World powers with more advanced space programs, like Russia and China, have
made more threatening progress, U.S. officials contend. Last month, Defense
Secretary Mark Esper warned that Russia and China were developing weapons that
could knock out U.S. satellites, potentially scattering dangerous debris across
space and paralyzing cell phones and weather forecasts, as well as American
drones, fighter jets, aircraft carriers and even nuclear weapon controllers.
"The military is very reliant on satellite communications, navigation and
global missile warning," said Capt. Ryan Vickers, a newly inducted Space Force
member at Al-Udeid.
American troops, he added, use GPS coordinates to track ships passing
through strategic Gulf passageways "to make sure they're not running into
international waters of other nations."
The Strait of Hormuz, the narrow mouth of the Persian Gulf through which 20%
of the world's oil flows, has been the scene of a series of tense encounters,
with Iran seizing boats it claims had entered its waters. One disrupted signal
or miscalculation could touch off a confrontation.
For years, Iran has allegedly jammed satellite and radio signals to block
foreign-based Farsi media outlets from broadcasting into the Islamic Republic,
where radio and television stations are state-controlled.
The U.S. Federal Aviation Administration has warned that commercial aircraft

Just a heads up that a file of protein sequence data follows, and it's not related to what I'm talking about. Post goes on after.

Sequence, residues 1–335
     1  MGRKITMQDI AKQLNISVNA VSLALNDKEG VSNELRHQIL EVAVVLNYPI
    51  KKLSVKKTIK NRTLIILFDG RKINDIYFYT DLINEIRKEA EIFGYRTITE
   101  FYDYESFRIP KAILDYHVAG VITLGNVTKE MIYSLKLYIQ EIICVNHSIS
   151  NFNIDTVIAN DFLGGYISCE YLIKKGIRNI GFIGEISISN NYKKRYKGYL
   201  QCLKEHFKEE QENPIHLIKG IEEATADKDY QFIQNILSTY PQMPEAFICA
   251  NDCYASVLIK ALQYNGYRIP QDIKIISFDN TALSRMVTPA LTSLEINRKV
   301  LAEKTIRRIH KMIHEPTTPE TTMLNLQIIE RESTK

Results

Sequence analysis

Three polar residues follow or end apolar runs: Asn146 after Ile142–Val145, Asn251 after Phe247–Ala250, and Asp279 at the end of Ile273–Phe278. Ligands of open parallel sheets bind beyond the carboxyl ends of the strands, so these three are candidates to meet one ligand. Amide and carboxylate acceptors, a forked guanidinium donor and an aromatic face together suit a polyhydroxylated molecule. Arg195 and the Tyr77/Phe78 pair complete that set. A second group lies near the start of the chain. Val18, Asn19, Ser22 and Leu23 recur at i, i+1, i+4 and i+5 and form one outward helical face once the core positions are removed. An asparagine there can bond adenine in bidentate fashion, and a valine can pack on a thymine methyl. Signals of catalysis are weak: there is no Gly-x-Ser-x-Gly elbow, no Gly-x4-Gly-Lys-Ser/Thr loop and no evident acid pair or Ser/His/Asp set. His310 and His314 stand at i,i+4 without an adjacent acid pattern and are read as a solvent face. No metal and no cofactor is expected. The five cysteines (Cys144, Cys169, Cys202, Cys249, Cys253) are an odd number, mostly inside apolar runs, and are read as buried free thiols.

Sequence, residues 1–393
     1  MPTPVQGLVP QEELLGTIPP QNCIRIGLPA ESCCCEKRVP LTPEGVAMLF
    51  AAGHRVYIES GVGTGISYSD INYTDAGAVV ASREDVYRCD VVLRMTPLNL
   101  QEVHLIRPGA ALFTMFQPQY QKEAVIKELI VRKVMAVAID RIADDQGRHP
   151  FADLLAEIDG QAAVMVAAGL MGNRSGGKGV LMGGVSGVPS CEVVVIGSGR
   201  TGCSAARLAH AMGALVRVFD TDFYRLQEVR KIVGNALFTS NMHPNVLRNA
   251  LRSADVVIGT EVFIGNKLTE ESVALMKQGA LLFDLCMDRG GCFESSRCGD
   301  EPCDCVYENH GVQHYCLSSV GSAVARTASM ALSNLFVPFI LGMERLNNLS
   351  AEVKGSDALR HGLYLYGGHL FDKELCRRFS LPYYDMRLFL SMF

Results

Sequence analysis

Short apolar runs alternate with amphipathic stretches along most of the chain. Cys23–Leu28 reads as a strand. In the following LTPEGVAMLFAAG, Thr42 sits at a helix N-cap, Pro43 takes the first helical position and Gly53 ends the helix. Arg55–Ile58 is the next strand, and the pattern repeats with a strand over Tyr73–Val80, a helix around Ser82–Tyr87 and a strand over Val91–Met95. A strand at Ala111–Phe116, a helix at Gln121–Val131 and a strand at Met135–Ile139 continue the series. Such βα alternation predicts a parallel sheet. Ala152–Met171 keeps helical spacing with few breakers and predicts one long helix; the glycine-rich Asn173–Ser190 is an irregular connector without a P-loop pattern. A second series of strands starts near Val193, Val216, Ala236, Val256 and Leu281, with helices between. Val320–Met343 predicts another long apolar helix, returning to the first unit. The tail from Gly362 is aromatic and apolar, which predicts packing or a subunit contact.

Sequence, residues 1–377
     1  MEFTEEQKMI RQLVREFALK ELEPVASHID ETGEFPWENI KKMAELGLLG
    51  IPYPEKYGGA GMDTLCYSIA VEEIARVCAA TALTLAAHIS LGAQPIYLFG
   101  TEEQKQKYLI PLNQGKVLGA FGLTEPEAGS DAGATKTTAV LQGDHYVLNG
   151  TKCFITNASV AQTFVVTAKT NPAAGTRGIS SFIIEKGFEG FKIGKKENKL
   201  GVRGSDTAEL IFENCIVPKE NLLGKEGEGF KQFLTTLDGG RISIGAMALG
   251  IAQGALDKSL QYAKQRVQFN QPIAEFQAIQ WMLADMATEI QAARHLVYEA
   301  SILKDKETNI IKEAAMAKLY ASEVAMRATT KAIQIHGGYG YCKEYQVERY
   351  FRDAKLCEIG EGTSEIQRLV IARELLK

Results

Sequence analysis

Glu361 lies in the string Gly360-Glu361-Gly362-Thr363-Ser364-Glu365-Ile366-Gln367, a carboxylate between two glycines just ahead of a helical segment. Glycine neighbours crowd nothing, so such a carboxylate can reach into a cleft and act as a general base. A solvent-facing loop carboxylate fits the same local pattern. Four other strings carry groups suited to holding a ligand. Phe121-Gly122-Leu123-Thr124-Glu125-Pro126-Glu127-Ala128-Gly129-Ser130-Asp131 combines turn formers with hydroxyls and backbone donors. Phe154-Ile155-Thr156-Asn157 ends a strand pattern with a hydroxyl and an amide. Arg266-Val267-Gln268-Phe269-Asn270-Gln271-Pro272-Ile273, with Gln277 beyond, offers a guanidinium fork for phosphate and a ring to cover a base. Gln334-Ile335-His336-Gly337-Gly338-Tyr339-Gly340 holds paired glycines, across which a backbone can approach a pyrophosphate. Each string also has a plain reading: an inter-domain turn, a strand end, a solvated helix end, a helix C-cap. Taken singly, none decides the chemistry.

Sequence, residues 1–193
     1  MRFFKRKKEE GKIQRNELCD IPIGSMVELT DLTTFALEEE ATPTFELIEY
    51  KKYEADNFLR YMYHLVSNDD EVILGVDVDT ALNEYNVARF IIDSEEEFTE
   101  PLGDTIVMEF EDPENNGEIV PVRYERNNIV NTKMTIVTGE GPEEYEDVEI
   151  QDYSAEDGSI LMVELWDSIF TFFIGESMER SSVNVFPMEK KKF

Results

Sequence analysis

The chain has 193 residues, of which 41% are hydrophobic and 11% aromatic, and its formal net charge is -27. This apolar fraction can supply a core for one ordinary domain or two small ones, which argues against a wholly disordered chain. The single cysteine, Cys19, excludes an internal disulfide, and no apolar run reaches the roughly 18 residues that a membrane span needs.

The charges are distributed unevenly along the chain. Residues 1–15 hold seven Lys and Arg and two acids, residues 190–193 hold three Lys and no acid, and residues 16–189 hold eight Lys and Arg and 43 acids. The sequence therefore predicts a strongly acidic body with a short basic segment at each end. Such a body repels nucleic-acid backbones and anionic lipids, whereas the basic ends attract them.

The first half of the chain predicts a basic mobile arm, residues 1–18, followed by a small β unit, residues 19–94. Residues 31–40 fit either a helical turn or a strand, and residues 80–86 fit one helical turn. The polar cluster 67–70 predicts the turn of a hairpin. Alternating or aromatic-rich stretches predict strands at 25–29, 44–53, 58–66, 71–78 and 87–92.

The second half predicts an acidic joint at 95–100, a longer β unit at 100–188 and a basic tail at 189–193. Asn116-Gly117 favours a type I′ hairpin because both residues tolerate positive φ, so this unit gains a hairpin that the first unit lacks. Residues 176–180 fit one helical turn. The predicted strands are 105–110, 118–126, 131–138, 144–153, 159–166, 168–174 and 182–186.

cruising over the Persian Gulf could experience interference and communications
jamming from Iran. Ships in the region have also reported "spoofed"
communications from unknown entities falsely claiming to be U.S. or coalition
warships, according to American authorities.
"It's not that hard to do, but we've seen Iran and other countries become
pretty darn efficient at doing it on a big scale," said Brian Weeden, an Air
Force veteran and director of program planning at the Secure World Foundation,
which promotes peaceful uses of outer space. "There's a concern Iran could
interfere with military broadband communications."
Responding to questions from the AP, Alireza Miryousefi, a spokesman at
Iran's mission to the United Nations, said "Iran will not tolerate interference
in our affairs, and in accordance with international law, will respond to any
attacks against our sovereignty." He added that Iran has faced numerous cyber
attacks from the U.S. and Israel.
Failing an international agreement that bars conventional arms, like
ballistic missiles, from shooting down space assets, the domain will only
become more militarized, said Daryl Kimball, the executive director of the
Washington-based Arms Control Association. Russia and China have already
created space force units and the Revolutionary Guard's sudden interest in
satellite launches has heightened U.S. concerns.
Still, American officials insist the new Space Force deployment aims to
secure U.S. interests, not set off an extraterrestrial arms race.
"The U.S. military would like to see a peaceful space," Benson, the director
of Space Force troops stationed in Qatar, said. "Other folks' behavior is kind
of driving us to this point."